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Advances in Bioinformatics
Volume 2010 (2010), Article ID 749848, 17 pages
http://dx.doi.org/10.1155/2010/749848
Research Article

Modelling Nonstationary Gene Regulatory Processes

1Department of Statistics, TU Dortmund University, 44221 Dortmund, Germany
2Biomathematics and Statistics Scotland, JCMB, The King's Buildings, Edinburgh EH93JZ, UK

Received 18 December 2009; Accepted 29 April 2010

Academic Editor: Yves Van de Peer

Copyright © 2010 Marco Grzegorcyzk et al. This is an open access article distributed under the Creative Commons Attribution License, which permits unrestricted use, distribution, and reproduction in any medium, provided the original work is properly cited.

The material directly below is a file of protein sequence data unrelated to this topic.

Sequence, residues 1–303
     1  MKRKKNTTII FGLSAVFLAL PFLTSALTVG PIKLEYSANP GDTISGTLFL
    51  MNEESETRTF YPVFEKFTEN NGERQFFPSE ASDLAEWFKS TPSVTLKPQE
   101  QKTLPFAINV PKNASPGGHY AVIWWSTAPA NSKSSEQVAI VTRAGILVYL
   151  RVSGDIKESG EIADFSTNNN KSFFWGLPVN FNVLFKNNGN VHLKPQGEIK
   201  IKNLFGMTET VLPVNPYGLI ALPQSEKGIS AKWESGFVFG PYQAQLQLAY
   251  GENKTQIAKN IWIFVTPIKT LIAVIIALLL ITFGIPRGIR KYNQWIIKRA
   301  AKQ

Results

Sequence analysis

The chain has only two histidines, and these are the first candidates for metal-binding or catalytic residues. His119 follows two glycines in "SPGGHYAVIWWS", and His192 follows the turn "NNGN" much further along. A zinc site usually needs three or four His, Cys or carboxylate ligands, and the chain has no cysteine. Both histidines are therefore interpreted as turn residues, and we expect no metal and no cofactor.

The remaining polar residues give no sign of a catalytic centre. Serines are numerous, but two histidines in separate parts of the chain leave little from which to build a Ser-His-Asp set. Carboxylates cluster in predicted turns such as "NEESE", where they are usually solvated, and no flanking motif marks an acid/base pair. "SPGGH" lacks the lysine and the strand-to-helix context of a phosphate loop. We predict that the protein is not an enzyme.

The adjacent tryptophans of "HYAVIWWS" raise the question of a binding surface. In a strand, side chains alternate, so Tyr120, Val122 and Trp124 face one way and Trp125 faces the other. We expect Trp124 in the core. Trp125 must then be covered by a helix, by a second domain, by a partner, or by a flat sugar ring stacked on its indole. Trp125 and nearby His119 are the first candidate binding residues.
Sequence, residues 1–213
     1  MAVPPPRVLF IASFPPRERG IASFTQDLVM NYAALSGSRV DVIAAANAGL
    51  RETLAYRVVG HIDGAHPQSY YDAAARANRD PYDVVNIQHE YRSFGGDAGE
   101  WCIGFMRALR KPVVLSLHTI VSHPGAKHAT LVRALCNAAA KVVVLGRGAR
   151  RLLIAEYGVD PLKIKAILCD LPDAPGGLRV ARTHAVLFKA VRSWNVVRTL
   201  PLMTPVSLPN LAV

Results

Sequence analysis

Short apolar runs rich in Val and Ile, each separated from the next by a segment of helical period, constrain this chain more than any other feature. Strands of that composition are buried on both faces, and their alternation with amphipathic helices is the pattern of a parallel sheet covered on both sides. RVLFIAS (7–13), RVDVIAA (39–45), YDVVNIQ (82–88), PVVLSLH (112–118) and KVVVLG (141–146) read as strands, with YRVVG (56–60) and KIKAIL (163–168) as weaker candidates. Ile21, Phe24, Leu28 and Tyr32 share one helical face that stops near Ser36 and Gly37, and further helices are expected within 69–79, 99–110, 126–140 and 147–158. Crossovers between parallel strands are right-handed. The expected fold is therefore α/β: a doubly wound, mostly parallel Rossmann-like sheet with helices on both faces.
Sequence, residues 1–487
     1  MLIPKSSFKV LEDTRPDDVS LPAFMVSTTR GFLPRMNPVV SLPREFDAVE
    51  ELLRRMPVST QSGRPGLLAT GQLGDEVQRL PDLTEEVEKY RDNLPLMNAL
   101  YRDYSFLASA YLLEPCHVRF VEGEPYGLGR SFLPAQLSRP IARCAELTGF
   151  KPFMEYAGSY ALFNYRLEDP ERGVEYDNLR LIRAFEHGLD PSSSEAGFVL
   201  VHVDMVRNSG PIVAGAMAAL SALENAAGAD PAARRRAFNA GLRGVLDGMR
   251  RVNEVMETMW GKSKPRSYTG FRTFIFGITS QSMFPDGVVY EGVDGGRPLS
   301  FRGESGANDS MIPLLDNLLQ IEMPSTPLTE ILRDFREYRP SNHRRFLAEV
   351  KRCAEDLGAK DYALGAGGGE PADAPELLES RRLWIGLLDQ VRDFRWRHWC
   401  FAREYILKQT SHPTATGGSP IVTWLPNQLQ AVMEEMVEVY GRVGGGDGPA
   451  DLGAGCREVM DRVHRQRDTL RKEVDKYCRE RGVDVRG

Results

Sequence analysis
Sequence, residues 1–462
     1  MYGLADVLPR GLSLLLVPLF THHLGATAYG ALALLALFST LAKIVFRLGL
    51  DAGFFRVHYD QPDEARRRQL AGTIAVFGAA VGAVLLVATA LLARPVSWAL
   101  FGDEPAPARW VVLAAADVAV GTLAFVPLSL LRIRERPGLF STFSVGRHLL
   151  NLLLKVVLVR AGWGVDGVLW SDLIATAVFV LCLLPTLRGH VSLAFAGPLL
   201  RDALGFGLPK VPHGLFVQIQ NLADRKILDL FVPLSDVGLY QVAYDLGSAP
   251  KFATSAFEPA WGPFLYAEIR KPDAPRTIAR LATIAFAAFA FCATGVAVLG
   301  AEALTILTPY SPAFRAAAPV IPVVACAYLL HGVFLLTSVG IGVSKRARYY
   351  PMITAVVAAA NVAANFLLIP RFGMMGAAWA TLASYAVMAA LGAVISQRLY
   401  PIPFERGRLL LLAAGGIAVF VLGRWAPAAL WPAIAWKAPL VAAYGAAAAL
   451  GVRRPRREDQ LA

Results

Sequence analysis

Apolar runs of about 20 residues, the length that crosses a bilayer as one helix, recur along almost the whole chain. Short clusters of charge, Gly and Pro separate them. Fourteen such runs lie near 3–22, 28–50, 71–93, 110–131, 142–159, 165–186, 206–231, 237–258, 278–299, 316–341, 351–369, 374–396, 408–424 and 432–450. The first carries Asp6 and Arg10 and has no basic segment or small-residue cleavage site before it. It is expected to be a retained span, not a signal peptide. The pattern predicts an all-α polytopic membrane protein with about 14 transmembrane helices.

Abstract

An important objective in systems biology is to infer gene regulatory networks from postgenomic data, and dynamic Bayesian networks have been widely applied as a popular tool to this end. The standard approach for nondiscretised data is restricted to a linear model and a homogeneous Markov chain. Recently, various generalisations based on changepoint processes and free allocation mixture models have been proposed. The former aim to relax the homogeneity assumption, whereas the latter are more flexible and, in principle, more adequate for modelling nonlinear processes. In our paper, we compare both paradigms and discuss theoretical shortcomings of the latter approach. We show that a model based on the changepoint process yields systematically better results than the free allocation model when inferring nonstationary gene regulatory processes from simulated gene expression time series. We further cross-compare the performance of both models on three biological systems: macrophages challenged with viral infection, circadian regulation in Arabidopsis thaliana, and morphogenesis in Drosophila melanogaster.